Persons with the Ehlers-Danlos syndromes (EDS) report a wide range of respiratory symptoms, most commonly shortness of breath, exercise limitation, and cough. Also reported are noisy breathing attributed to asthma, difficulty with deep inhalation, and inspiratory thoracic pain. The literature consists of case reports and small cross-sectional and cohort studies. One case-control study estimated twofold to threefold greater respiratory disease burden among persons with EDS as compared to controls. The differential diagnosis for symptoms is broad. Structural alterations include pectus deformities, scoliosis, recurrent rib subluxations, and tracheobronchomalacia, associated with varying degrees of physiologic impairment. Those with vascular EDS have an increased risk of pneumothorax, intrapulmonary bleeding, cysts, and nonmalignant fibrous nodules. Functional aerodigestive manifestations such as inducible laryngeal obstruction may be misdiagnosed as asthma, with gastro-esophageal dysmotility and reflux as common contributing factors. Inflammatory manifestations include costochondritis, bronchiectasis, and localized respiratory allergic and nonallergic mast cell activation. Cranio-cervical instability can dysregulate respiratory control pathways. There is a need for careful phenotyping using standardized clinical tools and patient-reported outcomes and continuing collaboration with aerodigestive specialists including otolaryngologists and gastroenterologists. Also needed is further evaluation of respiratory symptoms in persons with hypermobility spectrum disorders. Personalized monitoring strategies are invaluable for interpretation and long-term management of respiratory symptoms.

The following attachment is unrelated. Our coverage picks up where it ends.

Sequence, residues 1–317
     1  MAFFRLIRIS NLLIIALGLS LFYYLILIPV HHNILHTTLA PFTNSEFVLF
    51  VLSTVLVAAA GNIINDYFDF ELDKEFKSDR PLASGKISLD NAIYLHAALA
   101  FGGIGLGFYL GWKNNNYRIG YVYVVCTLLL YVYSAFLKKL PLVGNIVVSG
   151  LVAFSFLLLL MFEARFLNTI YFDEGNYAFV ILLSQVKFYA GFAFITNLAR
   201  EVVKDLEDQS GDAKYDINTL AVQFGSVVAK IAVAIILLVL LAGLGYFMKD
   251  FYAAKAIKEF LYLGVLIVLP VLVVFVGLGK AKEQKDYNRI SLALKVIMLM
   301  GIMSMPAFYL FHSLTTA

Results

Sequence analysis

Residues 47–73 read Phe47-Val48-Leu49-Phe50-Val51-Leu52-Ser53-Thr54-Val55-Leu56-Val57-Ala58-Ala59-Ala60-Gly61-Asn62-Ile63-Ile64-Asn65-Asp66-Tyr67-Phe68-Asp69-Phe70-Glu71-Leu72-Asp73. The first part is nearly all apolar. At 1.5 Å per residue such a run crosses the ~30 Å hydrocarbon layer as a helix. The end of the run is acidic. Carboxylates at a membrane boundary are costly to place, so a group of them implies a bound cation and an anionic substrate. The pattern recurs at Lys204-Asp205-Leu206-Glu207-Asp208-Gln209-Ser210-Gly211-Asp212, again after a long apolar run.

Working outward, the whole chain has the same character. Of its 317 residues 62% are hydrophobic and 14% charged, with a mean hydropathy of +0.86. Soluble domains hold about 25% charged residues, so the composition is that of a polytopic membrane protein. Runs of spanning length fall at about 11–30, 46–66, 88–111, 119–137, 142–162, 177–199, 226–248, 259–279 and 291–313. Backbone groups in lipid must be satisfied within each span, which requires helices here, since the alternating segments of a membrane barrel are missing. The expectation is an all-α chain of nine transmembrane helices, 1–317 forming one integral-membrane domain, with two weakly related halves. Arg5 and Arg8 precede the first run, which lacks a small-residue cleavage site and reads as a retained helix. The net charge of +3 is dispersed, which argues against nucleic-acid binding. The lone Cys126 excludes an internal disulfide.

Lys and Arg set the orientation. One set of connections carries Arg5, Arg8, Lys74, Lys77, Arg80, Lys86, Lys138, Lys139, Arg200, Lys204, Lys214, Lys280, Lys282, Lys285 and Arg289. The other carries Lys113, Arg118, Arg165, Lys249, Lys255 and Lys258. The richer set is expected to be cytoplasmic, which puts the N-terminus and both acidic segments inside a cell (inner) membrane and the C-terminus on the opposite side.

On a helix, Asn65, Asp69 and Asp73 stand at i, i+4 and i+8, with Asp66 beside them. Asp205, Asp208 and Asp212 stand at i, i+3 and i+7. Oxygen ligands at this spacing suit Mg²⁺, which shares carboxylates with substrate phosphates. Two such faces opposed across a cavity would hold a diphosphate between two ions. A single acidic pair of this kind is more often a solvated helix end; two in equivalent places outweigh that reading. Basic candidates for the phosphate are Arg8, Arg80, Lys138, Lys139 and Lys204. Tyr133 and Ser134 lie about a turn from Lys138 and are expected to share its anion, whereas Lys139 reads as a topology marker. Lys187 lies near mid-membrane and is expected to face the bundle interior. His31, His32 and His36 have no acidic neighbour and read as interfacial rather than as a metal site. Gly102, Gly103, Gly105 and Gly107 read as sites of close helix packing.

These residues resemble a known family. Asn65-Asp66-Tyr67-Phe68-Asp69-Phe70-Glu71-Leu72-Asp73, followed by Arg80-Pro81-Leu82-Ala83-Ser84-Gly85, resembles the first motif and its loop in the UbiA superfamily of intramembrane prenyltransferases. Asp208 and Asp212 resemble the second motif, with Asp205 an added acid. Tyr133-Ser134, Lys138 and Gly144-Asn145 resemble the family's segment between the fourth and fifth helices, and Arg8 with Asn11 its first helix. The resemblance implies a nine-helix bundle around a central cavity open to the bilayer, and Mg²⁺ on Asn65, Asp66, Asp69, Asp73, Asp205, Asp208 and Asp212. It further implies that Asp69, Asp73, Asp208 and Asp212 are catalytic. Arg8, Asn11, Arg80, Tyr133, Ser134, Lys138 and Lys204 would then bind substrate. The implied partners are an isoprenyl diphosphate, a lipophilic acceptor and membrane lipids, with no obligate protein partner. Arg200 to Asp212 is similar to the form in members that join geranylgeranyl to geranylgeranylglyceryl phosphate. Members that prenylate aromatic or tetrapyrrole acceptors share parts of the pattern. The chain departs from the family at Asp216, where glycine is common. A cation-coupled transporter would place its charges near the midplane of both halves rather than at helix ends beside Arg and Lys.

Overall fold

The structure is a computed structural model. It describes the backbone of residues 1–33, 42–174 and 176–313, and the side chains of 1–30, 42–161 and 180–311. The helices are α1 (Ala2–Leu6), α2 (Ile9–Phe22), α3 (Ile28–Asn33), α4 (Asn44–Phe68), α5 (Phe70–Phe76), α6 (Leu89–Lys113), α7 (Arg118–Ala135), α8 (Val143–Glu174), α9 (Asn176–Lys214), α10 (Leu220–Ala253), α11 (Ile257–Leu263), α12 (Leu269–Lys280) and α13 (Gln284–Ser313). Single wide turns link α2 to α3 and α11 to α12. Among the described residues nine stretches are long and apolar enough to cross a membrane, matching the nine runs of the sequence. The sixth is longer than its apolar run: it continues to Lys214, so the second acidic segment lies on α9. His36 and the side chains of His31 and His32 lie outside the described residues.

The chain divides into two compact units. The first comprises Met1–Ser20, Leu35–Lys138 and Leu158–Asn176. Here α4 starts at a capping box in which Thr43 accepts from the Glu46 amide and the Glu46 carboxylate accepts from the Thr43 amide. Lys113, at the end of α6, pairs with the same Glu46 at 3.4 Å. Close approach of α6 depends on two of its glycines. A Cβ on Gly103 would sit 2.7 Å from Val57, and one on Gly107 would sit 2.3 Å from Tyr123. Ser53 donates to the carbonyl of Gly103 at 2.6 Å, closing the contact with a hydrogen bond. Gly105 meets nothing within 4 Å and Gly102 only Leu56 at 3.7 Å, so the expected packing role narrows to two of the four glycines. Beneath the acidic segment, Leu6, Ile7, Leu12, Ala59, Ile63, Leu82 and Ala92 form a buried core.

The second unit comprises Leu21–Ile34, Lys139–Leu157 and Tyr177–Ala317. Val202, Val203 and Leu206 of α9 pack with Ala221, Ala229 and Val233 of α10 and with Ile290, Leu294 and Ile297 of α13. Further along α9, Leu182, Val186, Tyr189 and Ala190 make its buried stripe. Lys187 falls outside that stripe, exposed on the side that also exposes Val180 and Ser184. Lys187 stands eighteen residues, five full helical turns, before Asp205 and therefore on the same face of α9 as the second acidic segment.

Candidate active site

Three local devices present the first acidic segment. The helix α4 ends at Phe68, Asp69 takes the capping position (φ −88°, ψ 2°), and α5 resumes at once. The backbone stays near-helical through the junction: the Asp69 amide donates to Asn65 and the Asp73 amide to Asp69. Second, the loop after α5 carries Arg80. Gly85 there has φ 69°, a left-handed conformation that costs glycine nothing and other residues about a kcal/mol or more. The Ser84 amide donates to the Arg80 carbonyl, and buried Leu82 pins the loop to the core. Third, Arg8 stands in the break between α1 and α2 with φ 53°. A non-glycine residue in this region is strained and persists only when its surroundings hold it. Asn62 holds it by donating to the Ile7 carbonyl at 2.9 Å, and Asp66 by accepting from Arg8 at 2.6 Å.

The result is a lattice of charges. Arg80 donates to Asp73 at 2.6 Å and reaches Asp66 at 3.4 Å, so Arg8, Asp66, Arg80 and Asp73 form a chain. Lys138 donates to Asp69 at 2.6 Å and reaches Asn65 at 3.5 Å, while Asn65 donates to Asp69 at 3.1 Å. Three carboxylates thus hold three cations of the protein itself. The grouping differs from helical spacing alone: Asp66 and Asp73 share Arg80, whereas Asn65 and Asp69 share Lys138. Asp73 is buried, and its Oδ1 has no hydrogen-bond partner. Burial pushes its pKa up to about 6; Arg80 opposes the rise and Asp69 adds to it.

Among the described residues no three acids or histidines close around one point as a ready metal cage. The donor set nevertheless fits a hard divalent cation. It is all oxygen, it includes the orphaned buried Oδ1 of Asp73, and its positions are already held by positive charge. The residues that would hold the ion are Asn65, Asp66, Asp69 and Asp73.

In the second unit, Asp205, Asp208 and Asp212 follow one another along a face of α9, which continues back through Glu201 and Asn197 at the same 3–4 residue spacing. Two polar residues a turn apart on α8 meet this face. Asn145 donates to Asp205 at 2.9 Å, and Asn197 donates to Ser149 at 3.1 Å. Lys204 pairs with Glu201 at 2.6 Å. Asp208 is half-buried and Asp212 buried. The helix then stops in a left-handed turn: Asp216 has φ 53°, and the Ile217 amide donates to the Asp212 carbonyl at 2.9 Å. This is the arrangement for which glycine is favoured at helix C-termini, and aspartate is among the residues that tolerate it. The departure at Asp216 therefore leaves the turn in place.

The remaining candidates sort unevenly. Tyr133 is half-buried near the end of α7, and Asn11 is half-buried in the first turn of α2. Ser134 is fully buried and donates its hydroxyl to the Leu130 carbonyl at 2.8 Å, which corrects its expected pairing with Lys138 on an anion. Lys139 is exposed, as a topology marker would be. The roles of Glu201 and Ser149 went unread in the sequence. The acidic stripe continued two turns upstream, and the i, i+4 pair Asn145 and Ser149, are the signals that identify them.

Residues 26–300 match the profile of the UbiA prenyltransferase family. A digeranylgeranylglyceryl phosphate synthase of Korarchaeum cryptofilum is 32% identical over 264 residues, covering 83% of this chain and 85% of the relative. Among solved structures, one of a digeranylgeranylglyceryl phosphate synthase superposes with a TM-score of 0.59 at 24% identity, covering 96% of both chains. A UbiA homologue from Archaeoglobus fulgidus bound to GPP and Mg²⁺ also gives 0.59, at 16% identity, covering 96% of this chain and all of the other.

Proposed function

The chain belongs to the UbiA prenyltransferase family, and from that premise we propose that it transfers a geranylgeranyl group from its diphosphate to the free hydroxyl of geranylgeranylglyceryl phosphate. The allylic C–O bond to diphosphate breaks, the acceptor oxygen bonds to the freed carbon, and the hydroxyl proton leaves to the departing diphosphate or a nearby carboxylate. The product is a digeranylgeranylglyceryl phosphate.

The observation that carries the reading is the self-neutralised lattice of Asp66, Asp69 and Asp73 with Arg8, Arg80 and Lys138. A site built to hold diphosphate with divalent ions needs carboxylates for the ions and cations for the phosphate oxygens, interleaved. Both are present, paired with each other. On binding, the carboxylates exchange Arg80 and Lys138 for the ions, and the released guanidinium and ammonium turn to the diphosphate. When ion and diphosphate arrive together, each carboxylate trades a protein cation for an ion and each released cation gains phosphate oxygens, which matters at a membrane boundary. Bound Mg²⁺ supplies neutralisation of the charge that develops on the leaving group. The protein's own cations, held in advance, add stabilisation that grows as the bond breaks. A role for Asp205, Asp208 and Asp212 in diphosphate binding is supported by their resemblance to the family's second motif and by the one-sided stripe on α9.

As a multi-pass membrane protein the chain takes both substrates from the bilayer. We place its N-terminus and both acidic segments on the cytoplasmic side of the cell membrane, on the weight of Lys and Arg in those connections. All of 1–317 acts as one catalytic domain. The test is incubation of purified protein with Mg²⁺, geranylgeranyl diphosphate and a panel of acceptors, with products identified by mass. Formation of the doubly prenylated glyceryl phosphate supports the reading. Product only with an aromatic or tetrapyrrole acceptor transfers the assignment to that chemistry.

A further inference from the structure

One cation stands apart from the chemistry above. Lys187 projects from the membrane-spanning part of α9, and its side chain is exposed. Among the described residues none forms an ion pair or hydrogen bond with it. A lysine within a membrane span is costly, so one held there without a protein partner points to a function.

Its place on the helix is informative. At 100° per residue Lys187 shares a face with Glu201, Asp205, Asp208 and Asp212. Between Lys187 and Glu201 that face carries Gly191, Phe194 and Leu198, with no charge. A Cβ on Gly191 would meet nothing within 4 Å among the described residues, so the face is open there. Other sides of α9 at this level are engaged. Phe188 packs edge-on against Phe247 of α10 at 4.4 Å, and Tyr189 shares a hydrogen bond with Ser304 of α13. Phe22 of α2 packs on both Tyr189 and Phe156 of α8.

Keywords: Ehlers-Danlos syndromes; hypermobility spectrum disorders; pulmonary function; respiratory.
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